Worldreader’s Biggest Launch Yet: All Children Reading
Ghana is a special place for us. It’s where Worldreader first launched our “Books for all” vision in 2010, and in the last couple of years, it has become our hub in Western Africa.
Today we’re thrilled to report some exciting news from Ghana: we’ve just kicked off our “All Children Reading” initiative due to a $300,000 grant we received recently from USAID, World Vision, & AusAID. This joint grant greatly expands Worldreader’s presence in Ghana and allows for even deeper monitoring and evaluation.
This project means that as many as 1,800 kids and family members now have access to hundreds of thousands of e-books. And it’s an important milestone for us: this is our largest e-reader launch yet and includes a local language too.
Our Ghana team has been busy training teachers, who in turn will teach students how to use their Kindles. Things like changing font sizes, organizing book collections and finding books in English and Twi are top of mind, along with developing ways to integrate digital reading into the classroom lesson plans.
Michael, Samuel, Beatrice and Joseph — our team on the ground in Ghana — tell us that the teachers are attentive and interested in bringing technology into the classroom. But there’s a normal sense of nervousness and excitement about the student launch, too.
As we’ve seen in other places and have openly discussed here, the teachers voiced their concerns about keeping the e-readers safe from breakage or theft; part of our training includes conversations about ways to keep the fragile e-readers secure in the hands of elementary school students.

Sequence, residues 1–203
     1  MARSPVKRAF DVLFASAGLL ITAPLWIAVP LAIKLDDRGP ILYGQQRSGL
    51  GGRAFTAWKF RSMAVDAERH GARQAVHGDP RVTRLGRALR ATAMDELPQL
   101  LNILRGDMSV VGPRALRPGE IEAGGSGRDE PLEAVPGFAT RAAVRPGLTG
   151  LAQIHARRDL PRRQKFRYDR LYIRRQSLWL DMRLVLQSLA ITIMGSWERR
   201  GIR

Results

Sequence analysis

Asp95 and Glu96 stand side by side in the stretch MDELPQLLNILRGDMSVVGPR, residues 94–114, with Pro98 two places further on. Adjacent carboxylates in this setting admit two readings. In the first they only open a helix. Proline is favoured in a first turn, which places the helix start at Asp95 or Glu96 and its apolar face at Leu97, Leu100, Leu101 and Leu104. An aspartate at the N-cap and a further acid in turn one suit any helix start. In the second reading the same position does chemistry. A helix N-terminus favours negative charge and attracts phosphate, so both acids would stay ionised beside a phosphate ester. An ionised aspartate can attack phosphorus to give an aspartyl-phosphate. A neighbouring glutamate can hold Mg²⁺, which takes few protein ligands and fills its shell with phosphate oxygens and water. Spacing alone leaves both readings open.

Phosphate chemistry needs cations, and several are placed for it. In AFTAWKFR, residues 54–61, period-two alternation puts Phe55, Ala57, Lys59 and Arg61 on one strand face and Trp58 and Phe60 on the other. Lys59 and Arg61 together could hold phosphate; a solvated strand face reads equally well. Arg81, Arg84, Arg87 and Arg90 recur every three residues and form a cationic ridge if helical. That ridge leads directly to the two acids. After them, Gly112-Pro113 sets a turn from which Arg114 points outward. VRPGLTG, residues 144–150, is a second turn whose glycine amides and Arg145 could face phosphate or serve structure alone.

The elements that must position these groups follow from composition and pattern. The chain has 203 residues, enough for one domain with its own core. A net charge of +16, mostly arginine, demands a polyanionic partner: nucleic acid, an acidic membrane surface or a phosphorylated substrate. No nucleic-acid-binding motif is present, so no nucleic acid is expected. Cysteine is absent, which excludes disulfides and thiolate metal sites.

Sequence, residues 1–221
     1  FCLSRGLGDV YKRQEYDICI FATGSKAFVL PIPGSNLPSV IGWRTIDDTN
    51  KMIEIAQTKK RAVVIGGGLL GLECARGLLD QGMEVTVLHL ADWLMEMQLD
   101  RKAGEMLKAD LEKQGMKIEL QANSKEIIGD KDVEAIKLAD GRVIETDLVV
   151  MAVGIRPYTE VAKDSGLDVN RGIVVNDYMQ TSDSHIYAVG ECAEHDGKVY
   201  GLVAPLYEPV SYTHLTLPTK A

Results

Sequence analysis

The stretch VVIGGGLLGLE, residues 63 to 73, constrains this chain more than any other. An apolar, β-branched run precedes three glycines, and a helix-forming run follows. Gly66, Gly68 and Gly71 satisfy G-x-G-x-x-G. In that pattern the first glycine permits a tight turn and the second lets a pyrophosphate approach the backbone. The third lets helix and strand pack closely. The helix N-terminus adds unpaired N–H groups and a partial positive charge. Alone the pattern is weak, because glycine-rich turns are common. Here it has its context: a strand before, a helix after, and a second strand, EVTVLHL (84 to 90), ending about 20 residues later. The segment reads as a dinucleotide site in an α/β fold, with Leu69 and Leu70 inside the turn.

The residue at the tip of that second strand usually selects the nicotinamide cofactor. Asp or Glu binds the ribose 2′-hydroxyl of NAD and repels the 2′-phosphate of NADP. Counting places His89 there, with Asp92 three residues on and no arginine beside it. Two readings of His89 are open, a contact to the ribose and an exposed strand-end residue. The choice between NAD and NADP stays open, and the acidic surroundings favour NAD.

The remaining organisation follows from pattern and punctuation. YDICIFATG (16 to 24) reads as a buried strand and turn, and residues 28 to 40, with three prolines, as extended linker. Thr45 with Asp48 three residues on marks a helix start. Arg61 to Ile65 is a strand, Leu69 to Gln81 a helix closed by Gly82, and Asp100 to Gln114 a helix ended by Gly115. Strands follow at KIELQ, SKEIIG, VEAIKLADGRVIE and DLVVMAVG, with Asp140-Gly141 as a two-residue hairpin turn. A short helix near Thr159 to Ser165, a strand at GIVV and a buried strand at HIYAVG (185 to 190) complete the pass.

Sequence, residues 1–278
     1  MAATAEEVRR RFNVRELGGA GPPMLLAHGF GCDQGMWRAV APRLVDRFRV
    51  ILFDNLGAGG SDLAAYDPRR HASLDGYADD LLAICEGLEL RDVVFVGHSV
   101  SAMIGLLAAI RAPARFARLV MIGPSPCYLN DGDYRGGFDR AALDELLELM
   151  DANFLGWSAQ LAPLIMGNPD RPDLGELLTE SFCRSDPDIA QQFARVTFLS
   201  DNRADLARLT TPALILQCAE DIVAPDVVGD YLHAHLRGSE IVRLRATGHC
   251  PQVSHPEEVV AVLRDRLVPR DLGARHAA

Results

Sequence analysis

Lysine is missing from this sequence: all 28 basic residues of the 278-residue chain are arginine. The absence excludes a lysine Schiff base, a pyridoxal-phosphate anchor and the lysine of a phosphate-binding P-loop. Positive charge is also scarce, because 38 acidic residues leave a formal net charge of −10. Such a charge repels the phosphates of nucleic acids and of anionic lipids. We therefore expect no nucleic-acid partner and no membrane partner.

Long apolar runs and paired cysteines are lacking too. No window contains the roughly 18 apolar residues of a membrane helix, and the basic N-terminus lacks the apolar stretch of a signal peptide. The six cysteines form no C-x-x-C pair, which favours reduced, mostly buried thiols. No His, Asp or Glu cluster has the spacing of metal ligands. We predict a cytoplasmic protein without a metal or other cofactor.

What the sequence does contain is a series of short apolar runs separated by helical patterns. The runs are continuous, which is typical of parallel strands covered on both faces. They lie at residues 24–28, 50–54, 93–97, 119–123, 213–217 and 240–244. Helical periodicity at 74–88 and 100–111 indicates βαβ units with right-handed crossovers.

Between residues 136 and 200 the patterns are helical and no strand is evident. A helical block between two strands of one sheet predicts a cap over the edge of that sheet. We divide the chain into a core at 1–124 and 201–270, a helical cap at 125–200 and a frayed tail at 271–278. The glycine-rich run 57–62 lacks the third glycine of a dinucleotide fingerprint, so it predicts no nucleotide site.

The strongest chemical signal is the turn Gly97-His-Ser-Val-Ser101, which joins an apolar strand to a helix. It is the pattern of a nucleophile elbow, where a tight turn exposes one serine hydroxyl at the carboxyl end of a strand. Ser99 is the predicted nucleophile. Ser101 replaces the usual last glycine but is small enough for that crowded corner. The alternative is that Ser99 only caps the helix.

Many were also happy to see that the devices were loaded not only with reading materials and storybooks suitable for the early-grade lessons, but that there were textbooks and reference materials for other subject areas.
At the student training, students were excited about the idea of having 1,400 books all in one place. They were intrigued by the idea of reading on an electronic device, and their faces were all smiles as they pressed button after button exploring an endless number of books.
These children are six to 11 years younger than our other students in Ghana, but they stunned us — they could open and read books soon after we introduced the devices to them. This assures us that these children will be comfortable using the devices with a lot more speed than we reckoned.
Soon, we’ll share more details about the monitoring and evaluation processes we’re putting in place to see how kids’ reading levels improve as result of our program. We’re thrilled by the work that is happening on the ground and by the fact that “Books for all” is truly expanding.